In this course, we seek to pose the following questions: What is secularism? Why has it traditionally been an important value for Western democracy in principle and in practice? How does secularism manifest itself at the level of culture? What exactly is the relationship between culture and secularism? Why in recent decades has secularism become a point of controversy in Western democracies? What does this controversy have to say about the nature of relations between the Western world and its socio-politico-cultural others? In what ways does the controversy surrounding secularism problematize Western identity? In engaging with these content-related issues, we also seek to reinforce the French language skills necessary for discussing the contemporary stakes of secularism in the West. This will be done through readings, in-class discussions, and presentations of the relevant issues. Students will have the opportunity to explore these issues through various media, both linguistic and non-linguistic, as well as via reflections on their own personal histories. They will thus progress in their ability to think critically about issues related to secularism, culture, and identity, while improving their proficiency in French more generally.
1. Continuous and creative oral participation.
2. 4 vocabulary tests.
3. 2 written compositions (approx. 5-7 pages in length) and regular participation in online discussion forums on Canvas.
4. Final presentation .
Required language proficiency.
“Intermediate High” to “Advanced Low” (per the ACTFL Proficiency Guidelines) + placement by professor + conversation with professor + strong motivation and discipline. .
Spring 2017 - MIIS
-Democracy and Social Change–
Please note that this class meets 6 hours each week for 4 credits. You must attend all sessions, including the Friday session, to receive 4 credits.
Democracy can be thought as a type of meaningful negotiation among the parts to produce a coherent yet dynamic whole (Rancière, 1995). It is essentially up for debate, in a basic sense. In FRLA 8281 (“Democracy and Social Change”), we seek to describe the nature of that negotiation or debate by studying contemporary democratic practices as they are instantiated culturally, socially, and politically. We also seek to understand how the debate or negotiation that is essential to democracy opens up the possibility for dynamic social change. At the heart of our discussions will be the following questions: How to define the demos, that is to say the people, of democracy? If, according to Aristotle, democracy is the political constitution in which “all alike share equally in the government” (1291b), what is the nature of this sharing, this being equal? If we accept the claim that “only under [the democratic constitution] do men participate in liberty” (1317a-b), what is the relationship between equality and liberty? Between equality and representation? Between equality and critical moments of social change? Just as important, the course will introduce students to the French language skills needed in order to understand and discuss these concepts (the people, equality, representation, etc.), while improving their proficiency more generally.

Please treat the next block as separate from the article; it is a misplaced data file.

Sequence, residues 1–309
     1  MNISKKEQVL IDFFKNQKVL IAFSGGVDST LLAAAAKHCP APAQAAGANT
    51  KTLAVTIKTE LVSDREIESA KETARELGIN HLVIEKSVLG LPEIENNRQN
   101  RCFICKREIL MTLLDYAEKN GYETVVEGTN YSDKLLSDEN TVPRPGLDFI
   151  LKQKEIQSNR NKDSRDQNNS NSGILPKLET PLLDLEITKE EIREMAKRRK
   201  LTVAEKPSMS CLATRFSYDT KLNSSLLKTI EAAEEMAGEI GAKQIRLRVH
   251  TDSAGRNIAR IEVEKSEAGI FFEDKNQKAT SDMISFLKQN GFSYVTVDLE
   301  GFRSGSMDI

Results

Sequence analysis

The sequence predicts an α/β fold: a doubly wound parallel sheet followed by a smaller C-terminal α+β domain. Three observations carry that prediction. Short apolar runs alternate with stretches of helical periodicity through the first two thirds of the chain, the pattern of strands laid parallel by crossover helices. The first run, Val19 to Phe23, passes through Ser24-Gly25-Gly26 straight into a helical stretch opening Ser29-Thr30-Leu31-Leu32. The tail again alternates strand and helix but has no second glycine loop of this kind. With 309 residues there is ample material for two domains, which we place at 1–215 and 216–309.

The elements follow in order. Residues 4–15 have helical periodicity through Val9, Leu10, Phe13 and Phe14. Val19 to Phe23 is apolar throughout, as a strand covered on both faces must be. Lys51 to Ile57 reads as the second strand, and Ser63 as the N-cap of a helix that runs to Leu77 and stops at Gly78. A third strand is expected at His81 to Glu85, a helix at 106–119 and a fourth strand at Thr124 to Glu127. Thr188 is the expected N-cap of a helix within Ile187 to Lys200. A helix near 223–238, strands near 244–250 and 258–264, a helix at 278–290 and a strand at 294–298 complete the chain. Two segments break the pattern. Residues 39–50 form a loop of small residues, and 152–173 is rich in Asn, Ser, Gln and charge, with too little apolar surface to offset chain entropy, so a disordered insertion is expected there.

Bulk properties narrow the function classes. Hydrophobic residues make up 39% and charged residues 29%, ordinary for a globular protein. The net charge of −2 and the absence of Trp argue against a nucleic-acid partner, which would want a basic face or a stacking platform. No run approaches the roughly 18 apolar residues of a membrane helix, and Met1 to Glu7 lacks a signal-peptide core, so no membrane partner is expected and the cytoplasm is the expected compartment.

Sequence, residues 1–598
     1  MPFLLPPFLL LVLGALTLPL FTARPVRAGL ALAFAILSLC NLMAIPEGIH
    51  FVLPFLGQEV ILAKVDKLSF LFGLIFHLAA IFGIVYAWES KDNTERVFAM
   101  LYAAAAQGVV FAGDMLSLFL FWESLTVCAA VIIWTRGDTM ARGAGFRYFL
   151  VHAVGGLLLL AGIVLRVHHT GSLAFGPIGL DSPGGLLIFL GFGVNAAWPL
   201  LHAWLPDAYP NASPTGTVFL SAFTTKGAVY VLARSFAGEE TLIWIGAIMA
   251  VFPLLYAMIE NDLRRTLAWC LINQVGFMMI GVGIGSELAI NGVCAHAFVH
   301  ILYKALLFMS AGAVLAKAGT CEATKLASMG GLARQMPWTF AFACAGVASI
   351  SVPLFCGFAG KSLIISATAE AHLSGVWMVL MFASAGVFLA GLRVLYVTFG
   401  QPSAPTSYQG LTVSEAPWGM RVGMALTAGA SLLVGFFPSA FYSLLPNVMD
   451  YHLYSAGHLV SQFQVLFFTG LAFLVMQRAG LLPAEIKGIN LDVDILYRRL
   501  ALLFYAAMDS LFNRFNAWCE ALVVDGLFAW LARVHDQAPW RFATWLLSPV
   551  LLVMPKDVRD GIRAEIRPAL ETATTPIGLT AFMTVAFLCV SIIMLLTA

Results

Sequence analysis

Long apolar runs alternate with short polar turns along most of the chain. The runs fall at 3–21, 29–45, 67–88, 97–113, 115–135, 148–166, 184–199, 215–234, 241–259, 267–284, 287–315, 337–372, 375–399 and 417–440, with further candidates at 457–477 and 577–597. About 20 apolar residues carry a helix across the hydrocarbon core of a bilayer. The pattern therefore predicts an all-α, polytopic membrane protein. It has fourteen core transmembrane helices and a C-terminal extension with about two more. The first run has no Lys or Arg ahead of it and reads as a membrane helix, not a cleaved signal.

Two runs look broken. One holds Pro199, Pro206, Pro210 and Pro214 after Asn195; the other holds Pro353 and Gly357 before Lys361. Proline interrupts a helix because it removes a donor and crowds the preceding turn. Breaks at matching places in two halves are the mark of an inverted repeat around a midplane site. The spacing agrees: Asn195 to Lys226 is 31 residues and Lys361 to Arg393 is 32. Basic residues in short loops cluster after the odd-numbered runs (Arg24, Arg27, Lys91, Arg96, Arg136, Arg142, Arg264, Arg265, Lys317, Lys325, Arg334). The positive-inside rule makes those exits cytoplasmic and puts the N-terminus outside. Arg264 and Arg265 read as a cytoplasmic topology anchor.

1. Regular and creative in-class participation 35%
2. Compositions (3) 20%
3. Vocabulary quizzes (2) 20%
4. Final Presentation 15%
5. Portfolio 10%
Recommended language proficiency: Intermediate Mid (per the ACTFL Proficiency Guidelines) + placement by professor + conversation with professor + strong motivation and discipline.
Fall 2016 - MIIS
Areas of Interest
Claire’s doctoral work explored democracy through the lens of contemporary democratic theory and the classic French tragedy of Jean Racine. It proposed the idea of the “happy-tragic”, where the success of a democracy would be gauged by its internal mésententes or disagreements, which carve space within community for new understandings and ultimately, progress.
Today Claire is interested in how language learning, too, is propelled by debate, the negotiation of meaning, and a certain “tragic” (but not sad) recognition of gaps in a learner’s own knowledge bank. In this way, the most effective language classrooms could be seen as real-life democratic spaces. Claire’s recent research on learner perception of learning in the content-based classroom (Eagle, 2017) explores how learners grapple with the uncertainty that comes from this type of high-level language learning.
B.A. in Peace and Conflict Studies, University of California, Berkeley
M.A. in Teaching Foreign Languages, Middlebury Institute of International Studies
M.A. in Romance Studies, Cornell University (Ph.D. ABD)
Eagle, C. (2017) Student perception of learning in the French CBI classroom. In Clausen, K., Beaulieu, R., Hill, J., Snyder, N., and Cruz Pallares, K. (Eds.), Proceedings of the 2016 Conference of the Action Research Network of the Americas (ARNA). Knoxville, Tennessee, USA: ARNA.
Eagle, C. (2017). [Review of the book Saison 3: B1, Méthode de français, by Cocton et al.] The French Review, 91(1).
Eagle, C. (2017). [Review of the book Saison 4: B2 Méthode de français, by Cocton et al.] The French Review, 91(2).